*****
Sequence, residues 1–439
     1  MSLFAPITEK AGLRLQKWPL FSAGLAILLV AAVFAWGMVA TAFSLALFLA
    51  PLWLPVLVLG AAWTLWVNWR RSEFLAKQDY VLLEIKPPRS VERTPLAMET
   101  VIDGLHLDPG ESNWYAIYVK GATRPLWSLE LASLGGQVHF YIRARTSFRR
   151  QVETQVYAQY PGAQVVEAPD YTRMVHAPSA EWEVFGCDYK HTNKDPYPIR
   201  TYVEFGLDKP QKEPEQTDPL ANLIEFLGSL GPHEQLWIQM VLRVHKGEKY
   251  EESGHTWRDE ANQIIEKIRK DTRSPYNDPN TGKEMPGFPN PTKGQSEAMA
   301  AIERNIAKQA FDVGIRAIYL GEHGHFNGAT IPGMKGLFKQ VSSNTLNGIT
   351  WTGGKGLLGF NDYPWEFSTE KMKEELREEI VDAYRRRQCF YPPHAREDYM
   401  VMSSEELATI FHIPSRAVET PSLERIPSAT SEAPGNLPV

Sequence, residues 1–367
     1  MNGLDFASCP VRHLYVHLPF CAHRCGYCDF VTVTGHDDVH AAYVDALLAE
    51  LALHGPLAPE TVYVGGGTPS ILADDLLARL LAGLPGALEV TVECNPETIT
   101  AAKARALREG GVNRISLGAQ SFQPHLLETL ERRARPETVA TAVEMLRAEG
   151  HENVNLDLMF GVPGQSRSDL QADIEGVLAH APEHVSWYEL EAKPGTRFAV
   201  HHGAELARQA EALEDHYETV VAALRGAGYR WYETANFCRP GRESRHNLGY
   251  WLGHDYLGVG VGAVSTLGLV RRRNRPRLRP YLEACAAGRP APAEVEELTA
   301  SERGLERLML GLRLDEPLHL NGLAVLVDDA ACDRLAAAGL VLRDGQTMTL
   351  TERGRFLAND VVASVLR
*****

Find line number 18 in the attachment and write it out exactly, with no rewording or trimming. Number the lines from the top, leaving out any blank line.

   301  SERGLERLML GLRLDEPLHL NGLAVLVDDA ACDRLAAAGL VLRDGQTMTL